The United States of America as a country is divided up into 50 states; for the convenience of the common hitchhiker these states are discussed in detail along with their capitals at the following pages.
Hitching, like everything else in America, varies greatly depending on what type of area and what part of the country you are passing through. In general you can get rides fairly easily if you hitchhike the right way; in fact oftentimes you can find more than just rides, such as offers for free meals, invitations to homes and parties, etc.
In most states you can´t hitch from the interstates (motorways) themselves, but you can always stand on the onramp (entry ramp) like in Europe. In a select few areas (such as certain towns or municipal areas) hitching is illegal everywhere, however de facto it is still allowed. The police in a region may interpret laws related to hitchhiking differently, at times forcing a hitchhiker to choose an alternate route by walking or other transportation. In most cases, though, hitchhiking is legal or tolerated as long as you are not on the interstate itself, where it is rightly considered a safety issue. There are also many limited-access highways (i.e. with on ramps and off ramps) that are not part of the interstate system; these typically prohibit hitchhiking as well (other than at the on ramp).
In the West Coast it's generally easier to hitchhike. In Oregon it's even legal to hitchhike right on the interstates.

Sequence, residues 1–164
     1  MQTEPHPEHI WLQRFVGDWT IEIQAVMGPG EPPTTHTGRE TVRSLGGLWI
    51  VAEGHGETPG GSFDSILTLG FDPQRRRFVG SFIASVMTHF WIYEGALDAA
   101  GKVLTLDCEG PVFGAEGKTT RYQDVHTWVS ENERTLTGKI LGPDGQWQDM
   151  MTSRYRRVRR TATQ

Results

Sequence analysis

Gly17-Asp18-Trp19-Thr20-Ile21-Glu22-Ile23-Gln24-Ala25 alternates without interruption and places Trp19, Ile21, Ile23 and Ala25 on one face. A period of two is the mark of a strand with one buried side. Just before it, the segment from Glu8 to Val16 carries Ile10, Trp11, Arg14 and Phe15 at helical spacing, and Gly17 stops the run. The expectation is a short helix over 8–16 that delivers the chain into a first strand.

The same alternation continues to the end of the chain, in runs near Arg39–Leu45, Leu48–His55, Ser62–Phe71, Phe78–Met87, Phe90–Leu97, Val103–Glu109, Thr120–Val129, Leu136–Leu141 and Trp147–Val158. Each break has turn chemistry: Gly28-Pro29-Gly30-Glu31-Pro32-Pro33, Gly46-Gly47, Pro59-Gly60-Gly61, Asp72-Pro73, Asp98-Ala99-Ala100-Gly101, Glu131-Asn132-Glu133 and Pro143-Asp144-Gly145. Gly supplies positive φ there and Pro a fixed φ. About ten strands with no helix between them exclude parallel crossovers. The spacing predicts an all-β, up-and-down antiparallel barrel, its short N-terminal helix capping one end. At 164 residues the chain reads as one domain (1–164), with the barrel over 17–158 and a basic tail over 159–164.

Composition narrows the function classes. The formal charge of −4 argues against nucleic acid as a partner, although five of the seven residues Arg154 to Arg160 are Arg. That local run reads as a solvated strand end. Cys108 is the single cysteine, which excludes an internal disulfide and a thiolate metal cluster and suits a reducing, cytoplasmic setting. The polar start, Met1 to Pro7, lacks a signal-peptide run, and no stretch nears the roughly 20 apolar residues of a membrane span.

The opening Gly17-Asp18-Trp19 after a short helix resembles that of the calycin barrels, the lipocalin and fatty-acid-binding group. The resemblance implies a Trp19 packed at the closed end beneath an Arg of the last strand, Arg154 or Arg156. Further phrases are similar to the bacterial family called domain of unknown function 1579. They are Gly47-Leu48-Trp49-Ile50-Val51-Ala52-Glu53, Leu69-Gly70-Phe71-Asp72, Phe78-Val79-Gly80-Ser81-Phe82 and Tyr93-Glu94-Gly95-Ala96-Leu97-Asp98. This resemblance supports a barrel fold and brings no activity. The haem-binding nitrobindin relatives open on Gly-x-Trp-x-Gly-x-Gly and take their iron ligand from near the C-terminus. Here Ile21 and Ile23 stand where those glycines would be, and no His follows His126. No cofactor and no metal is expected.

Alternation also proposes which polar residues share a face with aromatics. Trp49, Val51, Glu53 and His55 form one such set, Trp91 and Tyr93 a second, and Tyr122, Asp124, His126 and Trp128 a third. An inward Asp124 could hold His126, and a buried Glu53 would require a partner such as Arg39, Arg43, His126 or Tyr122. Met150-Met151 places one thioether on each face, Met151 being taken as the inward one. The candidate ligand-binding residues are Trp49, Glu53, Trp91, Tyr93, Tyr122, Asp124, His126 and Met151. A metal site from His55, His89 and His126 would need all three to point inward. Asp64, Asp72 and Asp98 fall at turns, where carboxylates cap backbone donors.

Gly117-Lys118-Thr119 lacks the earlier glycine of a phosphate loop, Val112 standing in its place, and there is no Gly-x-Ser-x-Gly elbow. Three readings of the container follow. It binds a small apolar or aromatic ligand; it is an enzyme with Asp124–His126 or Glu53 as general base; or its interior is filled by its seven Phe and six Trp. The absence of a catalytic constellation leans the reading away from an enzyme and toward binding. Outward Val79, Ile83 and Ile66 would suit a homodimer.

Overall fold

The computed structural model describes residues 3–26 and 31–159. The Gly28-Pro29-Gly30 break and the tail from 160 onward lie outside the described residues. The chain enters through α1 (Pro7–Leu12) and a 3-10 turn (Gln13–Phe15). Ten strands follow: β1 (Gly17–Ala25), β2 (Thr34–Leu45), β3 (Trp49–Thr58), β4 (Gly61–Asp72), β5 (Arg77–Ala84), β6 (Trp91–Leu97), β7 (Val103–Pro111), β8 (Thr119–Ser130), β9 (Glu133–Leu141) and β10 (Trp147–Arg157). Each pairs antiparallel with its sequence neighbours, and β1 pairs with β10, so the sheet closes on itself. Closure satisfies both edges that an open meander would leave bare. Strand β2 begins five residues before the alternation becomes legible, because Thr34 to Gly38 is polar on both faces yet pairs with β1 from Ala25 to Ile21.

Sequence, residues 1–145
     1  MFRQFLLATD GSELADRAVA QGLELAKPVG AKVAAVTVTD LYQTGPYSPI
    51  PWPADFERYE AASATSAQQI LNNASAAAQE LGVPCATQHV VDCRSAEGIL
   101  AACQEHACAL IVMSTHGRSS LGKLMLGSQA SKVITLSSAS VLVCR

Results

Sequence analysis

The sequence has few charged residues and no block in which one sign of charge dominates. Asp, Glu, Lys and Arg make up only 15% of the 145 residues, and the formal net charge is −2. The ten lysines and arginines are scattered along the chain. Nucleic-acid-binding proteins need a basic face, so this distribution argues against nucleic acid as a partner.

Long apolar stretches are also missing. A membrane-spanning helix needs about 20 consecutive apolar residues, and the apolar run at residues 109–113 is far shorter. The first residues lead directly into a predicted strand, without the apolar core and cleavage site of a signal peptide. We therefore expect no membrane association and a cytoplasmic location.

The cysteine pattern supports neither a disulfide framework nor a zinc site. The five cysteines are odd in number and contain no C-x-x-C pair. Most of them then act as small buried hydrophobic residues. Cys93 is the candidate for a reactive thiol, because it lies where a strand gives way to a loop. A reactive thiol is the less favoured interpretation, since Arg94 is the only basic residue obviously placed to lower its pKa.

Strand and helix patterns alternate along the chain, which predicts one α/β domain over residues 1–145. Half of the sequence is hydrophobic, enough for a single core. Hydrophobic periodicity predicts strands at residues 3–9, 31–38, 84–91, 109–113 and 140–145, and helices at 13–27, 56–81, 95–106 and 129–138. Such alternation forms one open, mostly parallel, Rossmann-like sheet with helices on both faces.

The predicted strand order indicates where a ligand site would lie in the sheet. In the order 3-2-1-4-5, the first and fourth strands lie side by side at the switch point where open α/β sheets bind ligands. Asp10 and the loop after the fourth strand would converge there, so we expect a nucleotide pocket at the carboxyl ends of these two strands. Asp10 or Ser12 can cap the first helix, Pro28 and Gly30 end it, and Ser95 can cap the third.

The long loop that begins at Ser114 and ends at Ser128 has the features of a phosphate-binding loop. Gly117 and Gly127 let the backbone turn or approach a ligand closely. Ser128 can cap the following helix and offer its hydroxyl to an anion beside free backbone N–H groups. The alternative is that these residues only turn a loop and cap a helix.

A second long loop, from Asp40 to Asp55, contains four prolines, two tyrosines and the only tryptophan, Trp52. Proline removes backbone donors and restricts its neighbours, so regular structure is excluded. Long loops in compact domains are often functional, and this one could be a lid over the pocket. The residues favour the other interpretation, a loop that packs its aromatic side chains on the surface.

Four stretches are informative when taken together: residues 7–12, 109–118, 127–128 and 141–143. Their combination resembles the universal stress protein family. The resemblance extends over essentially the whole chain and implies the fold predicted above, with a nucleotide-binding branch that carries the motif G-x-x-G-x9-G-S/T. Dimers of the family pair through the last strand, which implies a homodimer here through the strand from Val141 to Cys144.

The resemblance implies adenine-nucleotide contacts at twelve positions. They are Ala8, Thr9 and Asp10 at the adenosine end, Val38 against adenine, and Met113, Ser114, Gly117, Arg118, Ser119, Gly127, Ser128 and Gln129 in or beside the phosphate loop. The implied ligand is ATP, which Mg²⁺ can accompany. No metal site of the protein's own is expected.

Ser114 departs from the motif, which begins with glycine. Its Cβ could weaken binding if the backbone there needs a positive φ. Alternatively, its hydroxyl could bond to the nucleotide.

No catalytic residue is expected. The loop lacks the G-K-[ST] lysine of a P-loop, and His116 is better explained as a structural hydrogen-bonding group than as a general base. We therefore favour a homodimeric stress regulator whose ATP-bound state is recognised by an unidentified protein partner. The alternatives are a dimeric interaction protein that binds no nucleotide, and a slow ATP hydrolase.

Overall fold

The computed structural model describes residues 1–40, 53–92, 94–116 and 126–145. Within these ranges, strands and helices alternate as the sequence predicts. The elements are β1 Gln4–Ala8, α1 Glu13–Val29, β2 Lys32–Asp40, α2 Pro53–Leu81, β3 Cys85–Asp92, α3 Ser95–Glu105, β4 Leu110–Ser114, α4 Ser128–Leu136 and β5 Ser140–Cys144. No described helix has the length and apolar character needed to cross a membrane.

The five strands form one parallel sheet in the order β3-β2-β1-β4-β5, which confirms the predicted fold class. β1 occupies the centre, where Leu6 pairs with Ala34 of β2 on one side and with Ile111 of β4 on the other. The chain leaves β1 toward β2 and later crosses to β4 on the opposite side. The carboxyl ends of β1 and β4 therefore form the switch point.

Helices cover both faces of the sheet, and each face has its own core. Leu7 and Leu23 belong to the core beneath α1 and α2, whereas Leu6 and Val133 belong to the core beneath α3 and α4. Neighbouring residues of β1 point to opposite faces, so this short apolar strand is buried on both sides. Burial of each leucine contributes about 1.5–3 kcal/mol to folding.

Long vs. short distanceEdit
If you're going for speed over a long distance (3+ hours), then the best bet is to stay on the interstates (designated by "I-##) instead of local highways. Try to stick to onramps that have truckstops, rest stops, or any other reason for drivers to stop there (restaurants, gas stations, etc.) You can also look for rides at the truck stops themselves, but be discreet about it as some are rather unfriendly to hitchers and will rudely ask you to leave if not call the police on you.
If you are only going a few hundred kilometers, you can often make better time on state or local roads. There are many more places to wait at, and there is much more potential traffic. Most of the traffic on the Interstate system won't be able to notice you while on the on-ramp. Even if you are going long distances, if you aren't concerned about making good time then getting off the interstates can be a very rewarding experience. Local highways and smaller roads will grant you a better picture of what local life is like in that area, and typically offer a greater variety of drivers.
Oftentimes, particularly close to major cities, the police will ask you for photo ID, but as long as you have one with you (such as a passport) there shouldn't be a problem. Most of the time they will be friendly when you come up clean, sometimes even driving you to a better spot.
In some states, like New Jersey and New York State, on the East Coast and Nevada and Arizona in the West, hitchhiking is illegal - though in most it's not. Even if it's not actually illegal, the police can ticket you for loitering..
People picking up hitchhikersEdit
A lot of people in the United States are profoundly religious. If you're not, try to deal with it in a positive way.
More often you will be picked up by really cool people! Most of the time Guaka was dropped off exactly at his point of destination.